The school Heslop is talking about was No. 3404 Powlett River, opened on Heslop’s on 7 November 1901. It was closed for a short time the following year, then worked half-time with Bridge Creek before going back to full-time in late 1902. The school struggled to maintain enrolments, with Dudley State School being only a mile away, but it survived until 1946.
State School 2722 Powlett River, opened in 1885. The name was changed to Wonthaggi in 1889. The school worked half-time with the Goodhurst State School (which was a new name to me) in 1893, and closed in 1896, all the furniture being taken to the Kilcunda school.
The Wonthaggi North school, No. 3203, became Glen Alvie and was a bit out of Heslop’s area. There was also a Wonthaggi school numbered 3715 opened in 1911 when the population was growing. This was called St Clair but became Lance Creek and was closed in 1965. The Hicksborough and Dudley schools were set up to serve the new mining communities.
The mail, and the newspapers, came in three times a week and there was a post office on the Powlett, which was at Heslop’s as one of its several locations. He speaks of young Jackie Dwyer, from San Remo, who brought the mail in on his pony, often having to swim his horse over the flooded river.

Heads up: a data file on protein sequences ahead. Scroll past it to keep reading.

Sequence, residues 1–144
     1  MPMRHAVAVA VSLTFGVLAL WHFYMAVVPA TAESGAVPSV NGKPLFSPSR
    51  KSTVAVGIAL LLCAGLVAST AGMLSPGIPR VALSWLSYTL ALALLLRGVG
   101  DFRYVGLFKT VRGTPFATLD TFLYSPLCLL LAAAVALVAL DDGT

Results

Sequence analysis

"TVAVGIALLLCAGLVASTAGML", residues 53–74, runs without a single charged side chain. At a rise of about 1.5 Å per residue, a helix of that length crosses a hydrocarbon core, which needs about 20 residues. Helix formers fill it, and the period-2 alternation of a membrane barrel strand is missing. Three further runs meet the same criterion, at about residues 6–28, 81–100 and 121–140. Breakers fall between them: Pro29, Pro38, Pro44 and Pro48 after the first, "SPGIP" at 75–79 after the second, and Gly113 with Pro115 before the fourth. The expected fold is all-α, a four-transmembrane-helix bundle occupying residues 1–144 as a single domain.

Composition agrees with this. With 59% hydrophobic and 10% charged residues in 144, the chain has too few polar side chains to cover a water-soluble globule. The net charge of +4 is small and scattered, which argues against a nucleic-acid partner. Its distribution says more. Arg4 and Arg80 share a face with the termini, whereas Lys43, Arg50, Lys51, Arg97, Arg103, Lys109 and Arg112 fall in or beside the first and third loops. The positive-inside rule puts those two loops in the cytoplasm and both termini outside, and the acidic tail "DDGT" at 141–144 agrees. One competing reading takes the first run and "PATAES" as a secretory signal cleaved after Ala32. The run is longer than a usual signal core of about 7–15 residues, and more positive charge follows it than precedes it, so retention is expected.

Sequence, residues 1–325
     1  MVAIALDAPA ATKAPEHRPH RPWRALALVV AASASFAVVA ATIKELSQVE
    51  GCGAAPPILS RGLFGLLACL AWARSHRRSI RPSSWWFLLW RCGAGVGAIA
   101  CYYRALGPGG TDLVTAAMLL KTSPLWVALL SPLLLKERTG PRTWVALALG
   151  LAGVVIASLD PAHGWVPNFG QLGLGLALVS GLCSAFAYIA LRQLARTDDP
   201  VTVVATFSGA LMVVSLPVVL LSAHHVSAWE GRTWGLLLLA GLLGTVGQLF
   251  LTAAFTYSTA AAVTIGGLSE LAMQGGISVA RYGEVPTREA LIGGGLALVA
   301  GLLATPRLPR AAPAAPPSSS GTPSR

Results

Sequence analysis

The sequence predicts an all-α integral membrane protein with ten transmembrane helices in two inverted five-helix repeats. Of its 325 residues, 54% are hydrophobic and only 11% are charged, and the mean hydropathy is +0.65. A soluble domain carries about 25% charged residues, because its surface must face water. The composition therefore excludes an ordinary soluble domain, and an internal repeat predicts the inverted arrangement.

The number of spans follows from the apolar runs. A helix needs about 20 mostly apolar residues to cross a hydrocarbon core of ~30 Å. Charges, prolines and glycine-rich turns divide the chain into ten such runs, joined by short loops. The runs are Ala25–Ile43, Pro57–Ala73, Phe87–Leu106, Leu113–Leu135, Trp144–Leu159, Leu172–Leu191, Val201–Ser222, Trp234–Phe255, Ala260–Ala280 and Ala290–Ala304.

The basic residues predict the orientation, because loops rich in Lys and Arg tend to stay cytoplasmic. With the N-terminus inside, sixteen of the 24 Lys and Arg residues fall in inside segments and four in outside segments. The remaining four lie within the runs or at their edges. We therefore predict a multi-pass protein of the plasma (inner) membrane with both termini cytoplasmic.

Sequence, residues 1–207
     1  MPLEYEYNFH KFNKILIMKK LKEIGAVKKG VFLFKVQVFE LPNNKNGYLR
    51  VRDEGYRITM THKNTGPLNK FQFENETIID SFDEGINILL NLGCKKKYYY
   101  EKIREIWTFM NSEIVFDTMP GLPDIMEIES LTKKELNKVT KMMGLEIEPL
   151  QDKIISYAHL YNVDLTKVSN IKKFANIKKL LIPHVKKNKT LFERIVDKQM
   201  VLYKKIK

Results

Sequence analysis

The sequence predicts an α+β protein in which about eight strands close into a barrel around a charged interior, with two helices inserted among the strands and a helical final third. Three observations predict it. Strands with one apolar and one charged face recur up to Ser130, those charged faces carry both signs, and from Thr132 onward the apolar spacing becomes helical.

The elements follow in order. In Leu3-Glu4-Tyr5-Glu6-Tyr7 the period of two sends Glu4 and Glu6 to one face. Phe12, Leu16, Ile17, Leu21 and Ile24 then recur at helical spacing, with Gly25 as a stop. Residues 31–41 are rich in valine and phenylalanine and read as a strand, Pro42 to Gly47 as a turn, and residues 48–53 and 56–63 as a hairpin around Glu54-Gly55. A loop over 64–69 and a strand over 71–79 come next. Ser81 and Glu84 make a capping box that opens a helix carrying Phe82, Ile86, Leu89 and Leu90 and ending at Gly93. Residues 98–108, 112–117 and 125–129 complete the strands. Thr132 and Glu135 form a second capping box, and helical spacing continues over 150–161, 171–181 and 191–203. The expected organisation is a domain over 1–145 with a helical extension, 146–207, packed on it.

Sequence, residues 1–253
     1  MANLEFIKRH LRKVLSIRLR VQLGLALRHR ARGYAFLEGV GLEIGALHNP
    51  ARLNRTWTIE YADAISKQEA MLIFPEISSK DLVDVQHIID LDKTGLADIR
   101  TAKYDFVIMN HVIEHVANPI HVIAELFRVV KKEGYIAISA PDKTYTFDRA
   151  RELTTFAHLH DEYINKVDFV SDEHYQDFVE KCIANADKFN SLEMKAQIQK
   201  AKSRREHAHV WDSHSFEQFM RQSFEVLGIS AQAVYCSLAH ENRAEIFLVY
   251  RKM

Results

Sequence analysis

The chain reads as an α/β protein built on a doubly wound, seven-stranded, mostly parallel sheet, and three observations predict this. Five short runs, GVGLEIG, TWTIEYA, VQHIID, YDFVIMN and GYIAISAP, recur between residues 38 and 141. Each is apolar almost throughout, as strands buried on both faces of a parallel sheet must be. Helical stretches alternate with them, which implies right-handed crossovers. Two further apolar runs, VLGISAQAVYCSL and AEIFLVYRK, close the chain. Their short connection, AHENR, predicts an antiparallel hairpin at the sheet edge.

He speaks very briefly about the wreck of the Artisan. This was on 23 April 1902, at Cape Paterson. She was a barquentine of 1038 tons, with a crew of seventeen. She was blown ashore on a very high tide, partly built up by an onshore gale. When the tide ebbed the crew were able to walk ashore but the ship was too high on the rocks to be salvaged and the winter storms soon destroyed her. Captain Purdey was very ill and need medical assistance, but this was not a result of the stranding.
He talks of the local flora and fauna, noting that there were hares there long before there were rabbits, and quoting a cook hired for the shearing time who bolted when she saw a large goanna sliding down the kitchen window.
He also told the humorous story of Wonthaggi’s own Tantanoola Tiger. Some time in 1905 or not long thereafter there was a scare when very large tracks were found in the sand. Plaster casts sent to Le Souef, Director of the Zoological Gardens in Melbourne, were identified by him as being from a large carnivorous animal, though he couldn’t say which one.